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Karen Johnson

   We are shaped by our contexts – theological, geographical, class, race, family, and national contexts.  Sometimes we begin to really see the water in which we swim by stepping into another stream.  Other times, reading about our stream's origins, its headwaters, can help us see our stream more clearly.  I study American history, and my research is primarily in the twentieth century.  Willie Jennings's The Christian Imagination and this year's CACE seminar took my colleagues and I back farther in time, as together we explored western Christianity's and the western academy's headwaters.  We came to see more clearly the source of the waters we swim in, an evangelical Christian academic institution in Wheaton, IL.   

I have written about place before.  I learned the importance of where one lives when I moved to Chicago's Austin neighborhood, which was radically different from the wealthy suburb in which I grew up.  In Austin my husband and I attended Rock of Our Salvation Evangelical Free Church, a neighborhood interracial church, and attended closely to what it meant to live in as white people in a black neighborhood with many people living at or below the poverty line.  We were pleased when families moved into vacant houses, we paid attention to who was standing on the corner, and we knew the impact of a homeowner dying, potentially leaving a house vacant.  Perhaps because living in Austin was such a cross-cultural experience, we became immersed in the place, aware of how different it was from our home towns every time we came back into our neighborhood.  We bought a house, and, in my own mind, my identity became intricately tied up in the place we were putting down roots.  When I saw other white people in the neighborhood (besides those I knew), I wondered what they were doing there because they didn't belong.  Perhaps they were up to no good.  I walked the neighborhood daily, either with a neighbor to exercise or going to the bus or the train.  When people asked me in casual conversation why I was there, I responded that we went to church in the neighborhood, we owned a house.  We belonged. 

Chicagoland's racial geographies play a prominent role in my own scholarship, and I know – and want to teach others – that the segregation I experienced growing up and in the Austin neighborhood was created.  It did not just happen.  Its consequences, for wealthy and poor people, white and black people are significant.  As Soong-Chan Rah argues in The Next Evangelicalism, without one another Christians of different backgrounds are held in cultural captivity.  Rah explores white evangelicalism in particular, arguing that we – my tradition, my people – are held captive to the broader American culture's history and practice of racism, individualism, and consumerism and materialism.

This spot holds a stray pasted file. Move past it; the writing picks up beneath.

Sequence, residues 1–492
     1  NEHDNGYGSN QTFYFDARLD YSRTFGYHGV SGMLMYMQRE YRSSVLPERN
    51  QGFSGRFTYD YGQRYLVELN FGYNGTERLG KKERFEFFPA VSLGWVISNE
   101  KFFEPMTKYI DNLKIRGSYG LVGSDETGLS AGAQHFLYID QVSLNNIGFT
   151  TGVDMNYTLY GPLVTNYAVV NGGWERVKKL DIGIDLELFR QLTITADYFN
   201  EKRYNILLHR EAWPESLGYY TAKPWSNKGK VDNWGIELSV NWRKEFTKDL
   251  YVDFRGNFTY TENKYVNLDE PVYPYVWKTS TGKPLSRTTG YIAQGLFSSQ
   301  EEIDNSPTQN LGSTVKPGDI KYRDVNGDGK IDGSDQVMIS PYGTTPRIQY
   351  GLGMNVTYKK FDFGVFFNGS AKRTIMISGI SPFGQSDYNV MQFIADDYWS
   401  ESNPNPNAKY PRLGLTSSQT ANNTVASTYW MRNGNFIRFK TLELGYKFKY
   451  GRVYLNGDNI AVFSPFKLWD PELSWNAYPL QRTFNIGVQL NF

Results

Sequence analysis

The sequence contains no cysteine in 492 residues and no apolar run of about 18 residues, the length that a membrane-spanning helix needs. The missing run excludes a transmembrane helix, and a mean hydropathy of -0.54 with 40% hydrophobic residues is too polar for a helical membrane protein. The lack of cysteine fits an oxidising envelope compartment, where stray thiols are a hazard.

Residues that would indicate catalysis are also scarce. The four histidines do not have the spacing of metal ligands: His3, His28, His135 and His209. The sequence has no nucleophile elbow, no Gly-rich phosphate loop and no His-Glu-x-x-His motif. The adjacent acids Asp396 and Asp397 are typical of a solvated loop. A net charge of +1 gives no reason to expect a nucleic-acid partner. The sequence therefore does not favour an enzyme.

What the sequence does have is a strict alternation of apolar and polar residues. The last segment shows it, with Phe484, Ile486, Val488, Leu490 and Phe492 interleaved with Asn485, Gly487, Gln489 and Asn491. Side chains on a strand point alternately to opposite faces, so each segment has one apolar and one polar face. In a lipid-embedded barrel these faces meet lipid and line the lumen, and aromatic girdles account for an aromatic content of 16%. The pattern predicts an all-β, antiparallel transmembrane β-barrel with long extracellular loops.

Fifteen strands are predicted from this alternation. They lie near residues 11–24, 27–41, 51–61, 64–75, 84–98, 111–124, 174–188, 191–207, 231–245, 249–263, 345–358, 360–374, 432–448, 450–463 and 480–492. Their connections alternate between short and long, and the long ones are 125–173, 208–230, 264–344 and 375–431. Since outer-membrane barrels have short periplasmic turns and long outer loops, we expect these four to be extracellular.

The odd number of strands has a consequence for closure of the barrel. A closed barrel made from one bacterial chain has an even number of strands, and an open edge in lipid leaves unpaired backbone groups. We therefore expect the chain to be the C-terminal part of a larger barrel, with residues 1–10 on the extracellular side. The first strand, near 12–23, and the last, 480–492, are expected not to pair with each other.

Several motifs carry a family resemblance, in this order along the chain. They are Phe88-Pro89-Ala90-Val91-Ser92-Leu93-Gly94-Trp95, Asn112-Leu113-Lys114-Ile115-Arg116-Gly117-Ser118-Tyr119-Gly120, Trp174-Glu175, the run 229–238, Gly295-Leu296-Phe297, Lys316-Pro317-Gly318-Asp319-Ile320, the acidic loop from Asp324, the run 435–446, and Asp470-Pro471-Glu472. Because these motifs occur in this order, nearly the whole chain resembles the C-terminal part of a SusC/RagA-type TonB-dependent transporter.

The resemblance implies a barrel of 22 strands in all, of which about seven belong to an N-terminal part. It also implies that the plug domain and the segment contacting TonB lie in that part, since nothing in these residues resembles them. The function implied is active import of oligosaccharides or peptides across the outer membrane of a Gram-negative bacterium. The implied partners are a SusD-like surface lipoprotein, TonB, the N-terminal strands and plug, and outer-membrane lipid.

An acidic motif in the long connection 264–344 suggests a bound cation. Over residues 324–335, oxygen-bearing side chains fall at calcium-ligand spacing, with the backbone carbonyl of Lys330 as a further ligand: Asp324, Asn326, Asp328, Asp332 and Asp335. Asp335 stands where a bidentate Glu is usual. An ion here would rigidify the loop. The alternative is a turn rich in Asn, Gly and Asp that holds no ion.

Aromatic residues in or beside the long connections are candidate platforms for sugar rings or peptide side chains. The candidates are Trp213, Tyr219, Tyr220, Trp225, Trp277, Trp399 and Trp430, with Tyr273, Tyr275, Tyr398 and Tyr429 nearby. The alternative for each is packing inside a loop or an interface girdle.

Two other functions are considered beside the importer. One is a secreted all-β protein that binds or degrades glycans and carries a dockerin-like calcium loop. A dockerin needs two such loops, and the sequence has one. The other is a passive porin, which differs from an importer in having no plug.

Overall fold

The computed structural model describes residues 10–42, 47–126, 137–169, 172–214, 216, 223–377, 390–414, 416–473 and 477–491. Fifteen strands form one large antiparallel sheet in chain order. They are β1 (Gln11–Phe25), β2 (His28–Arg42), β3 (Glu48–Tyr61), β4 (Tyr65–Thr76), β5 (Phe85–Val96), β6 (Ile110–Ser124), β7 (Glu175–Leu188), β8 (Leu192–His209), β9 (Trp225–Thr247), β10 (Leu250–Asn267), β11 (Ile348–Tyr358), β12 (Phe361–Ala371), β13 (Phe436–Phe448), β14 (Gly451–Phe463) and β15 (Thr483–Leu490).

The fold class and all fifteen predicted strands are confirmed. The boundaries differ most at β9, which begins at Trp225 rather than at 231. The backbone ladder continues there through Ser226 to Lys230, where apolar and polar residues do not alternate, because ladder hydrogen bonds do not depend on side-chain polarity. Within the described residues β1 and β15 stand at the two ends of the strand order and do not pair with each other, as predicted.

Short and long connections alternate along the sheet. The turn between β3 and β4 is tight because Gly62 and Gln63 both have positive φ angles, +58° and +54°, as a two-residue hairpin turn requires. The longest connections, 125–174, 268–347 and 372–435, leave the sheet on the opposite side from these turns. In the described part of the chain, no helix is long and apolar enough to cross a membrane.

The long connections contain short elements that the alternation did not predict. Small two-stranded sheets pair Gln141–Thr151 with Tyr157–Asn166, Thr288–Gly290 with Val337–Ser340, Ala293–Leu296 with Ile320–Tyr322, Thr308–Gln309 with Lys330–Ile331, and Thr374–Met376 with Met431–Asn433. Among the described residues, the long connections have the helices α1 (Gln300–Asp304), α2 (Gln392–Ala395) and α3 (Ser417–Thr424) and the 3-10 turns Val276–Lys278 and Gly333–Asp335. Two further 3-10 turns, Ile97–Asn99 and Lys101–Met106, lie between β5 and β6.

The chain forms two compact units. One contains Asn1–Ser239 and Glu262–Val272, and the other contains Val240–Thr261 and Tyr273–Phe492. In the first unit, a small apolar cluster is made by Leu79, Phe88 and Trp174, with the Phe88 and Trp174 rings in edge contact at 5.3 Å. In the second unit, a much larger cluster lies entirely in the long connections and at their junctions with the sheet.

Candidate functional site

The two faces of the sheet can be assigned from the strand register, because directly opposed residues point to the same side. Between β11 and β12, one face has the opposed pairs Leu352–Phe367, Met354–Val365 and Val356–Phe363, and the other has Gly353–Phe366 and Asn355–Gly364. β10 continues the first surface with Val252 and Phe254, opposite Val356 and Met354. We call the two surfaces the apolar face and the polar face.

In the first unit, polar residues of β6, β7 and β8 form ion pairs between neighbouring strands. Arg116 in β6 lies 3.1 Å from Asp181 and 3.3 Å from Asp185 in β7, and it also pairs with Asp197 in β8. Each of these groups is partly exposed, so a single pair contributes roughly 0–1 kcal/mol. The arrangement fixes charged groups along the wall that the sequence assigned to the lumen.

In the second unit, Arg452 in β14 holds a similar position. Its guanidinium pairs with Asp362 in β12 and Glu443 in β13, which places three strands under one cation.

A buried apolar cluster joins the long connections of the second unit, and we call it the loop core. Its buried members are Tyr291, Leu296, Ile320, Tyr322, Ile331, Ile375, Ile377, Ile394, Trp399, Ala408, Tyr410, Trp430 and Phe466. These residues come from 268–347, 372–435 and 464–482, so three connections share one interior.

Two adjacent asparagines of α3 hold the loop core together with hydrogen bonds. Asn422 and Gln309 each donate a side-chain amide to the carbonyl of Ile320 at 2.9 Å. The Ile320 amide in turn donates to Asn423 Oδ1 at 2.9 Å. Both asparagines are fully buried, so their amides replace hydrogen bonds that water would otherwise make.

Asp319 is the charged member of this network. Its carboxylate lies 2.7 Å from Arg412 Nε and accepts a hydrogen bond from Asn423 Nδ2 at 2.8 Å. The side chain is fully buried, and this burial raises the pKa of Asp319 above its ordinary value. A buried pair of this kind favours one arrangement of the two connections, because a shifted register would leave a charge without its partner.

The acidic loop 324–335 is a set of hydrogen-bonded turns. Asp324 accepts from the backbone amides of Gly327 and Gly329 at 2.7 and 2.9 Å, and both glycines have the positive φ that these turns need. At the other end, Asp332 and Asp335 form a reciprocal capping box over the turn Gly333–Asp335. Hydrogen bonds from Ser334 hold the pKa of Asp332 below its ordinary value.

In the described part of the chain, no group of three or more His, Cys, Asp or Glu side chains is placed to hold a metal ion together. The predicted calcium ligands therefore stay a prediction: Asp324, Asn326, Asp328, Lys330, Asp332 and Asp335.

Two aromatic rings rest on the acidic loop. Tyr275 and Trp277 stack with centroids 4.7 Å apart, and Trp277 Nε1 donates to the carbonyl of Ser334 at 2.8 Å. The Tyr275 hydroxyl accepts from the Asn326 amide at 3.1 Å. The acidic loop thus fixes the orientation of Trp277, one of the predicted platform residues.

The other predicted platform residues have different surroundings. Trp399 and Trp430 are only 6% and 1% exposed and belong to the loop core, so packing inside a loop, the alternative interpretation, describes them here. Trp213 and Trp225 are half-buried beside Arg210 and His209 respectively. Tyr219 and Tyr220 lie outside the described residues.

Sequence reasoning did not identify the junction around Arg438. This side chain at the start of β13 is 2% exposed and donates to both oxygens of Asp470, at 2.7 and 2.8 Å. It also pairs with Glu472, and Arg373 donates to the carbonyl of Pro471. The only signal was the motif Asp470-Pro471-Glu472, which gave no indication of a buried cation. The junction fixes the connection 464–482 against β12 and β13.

Jennings, partly because his work begins earlier, goes a step further.  He shows how the racial hierarchies westerners imagined as they interacted with people living in South America and Africa, hierarchies that were inseparable from a theological pedagogy that assumed a one-way transfer of knowledge from the educated to the ignorant, deformed the Christian imagination.  These racial and pedagogical hierarchies developed in the context of mercantile capitalism, and the combination commodified bodies and land in new, and detrimental ways.  This complicated history has mangled the Christian imagination, leading Christians to imagine that God's call on our lives is to relate primarily to Him, not to one another, and so has limited the possibilities of Christians from different backgrounds joining together in intimacy, being with one another in what he calls "spaces of communion." 

For Jennings, Christians must identify as Gentiles, as people grafted into Israel, outsiders adopting a new way of life, submitting themselves to that life.  When we were at Rock Church in the Austin neighborhood, we were part of one of those rare spaces of communion, spaces where people from different backgrounds loved and valued one another.  There, my academic work mattered, but was not the only source of knowledge and wisdom.  There I flourished as I submitted to those different from me out of reverence to Christ. 

After Wheaton College hired me, my husband and I moved to Wheaton.  I was pregnant and we left not because we wanted to raise our child in the suburbs, but because I am a working mom, and if we lived close to where I worked, we could integrate our lives our lives more easily with work and neighborhood.  People sometimes think we left because we thought it was dangerous in Austin.  I think it might be more dangerous in Wheaton.  Here, delightful, loving people can easily, and sometimes unintentionally, require those different from its powerful inhabitants to conform.  There are fewer spaces of communion.  Here, what might appear to be flourishing may too often ignore the history of American places, which is a history of race.

Perhaps I am at Wheaton in part to help my students, my colleagues, myself, other evangelicals, to reckon with our racial past, and the ways it can be mapped on to places and spaces.  In doing so, we might be able to live better in this place that is Wheaton.  After all, as the black author James Baldwin wrote in 1963, "to accept one's past – one's history – is not the same thing as drowning in it; it is learning how to use it."

[1] James Baldwin, The Fire Next Time (New York: Random House, 1992), 81.